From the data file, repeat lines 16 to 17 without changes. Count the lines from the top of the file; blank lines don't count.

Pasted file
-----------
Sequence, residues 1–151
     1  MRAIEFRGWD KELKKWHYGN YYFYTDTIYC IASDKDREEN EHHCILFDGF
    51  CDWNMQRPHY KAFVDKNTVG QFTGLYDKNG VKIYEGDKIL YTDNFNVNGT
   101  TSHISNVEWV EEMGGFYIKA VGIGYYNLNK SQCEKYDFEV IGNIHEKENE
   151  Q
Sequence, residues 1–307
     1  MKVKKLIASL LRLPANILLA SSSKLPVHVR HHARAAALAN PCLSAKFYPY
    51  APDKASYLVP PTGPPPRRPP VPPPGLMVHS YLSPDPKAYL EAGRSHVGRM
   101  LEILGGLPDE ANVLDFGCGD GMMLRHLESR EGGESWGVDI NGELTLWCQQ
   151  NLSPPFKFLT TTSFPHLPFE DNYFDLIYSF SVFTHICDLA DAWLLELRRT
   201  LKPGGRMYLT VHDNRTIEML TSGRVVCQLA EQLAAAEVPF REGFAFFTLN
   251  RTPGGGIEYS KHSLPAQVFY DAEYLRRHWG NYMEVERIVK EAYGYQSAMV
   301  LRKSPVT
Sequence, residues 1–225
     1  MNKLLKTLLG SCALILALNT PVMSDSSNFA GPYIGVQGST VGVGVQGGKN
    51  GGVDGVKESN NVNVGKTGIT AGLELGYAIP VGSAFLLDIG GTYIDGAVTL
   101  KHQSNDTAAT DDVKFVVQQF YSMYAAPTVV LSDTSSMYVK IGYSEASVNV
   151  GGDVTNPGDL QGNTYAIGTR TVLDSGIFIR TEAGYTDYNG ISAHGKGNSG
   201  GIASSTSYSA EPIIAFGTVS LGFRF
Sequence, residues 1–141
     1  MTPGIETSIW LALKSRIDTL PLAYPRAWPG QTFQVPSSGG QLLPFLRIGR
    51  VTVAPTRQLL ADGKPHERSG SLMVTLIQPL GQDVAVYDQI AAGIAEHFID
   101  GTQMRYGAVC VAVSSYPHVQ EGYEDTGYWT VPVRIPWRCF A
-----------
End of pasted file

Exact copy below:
    51  GGVDGVKESN NVNVGKTGIT AGLELGYAIP VGSAFLLDIG GTYIDGAVTL
   101  KHQSNDTAAT DDVKFVVQQF YSMYAAPTVV LSDTSSMYVK IGYSEASVNV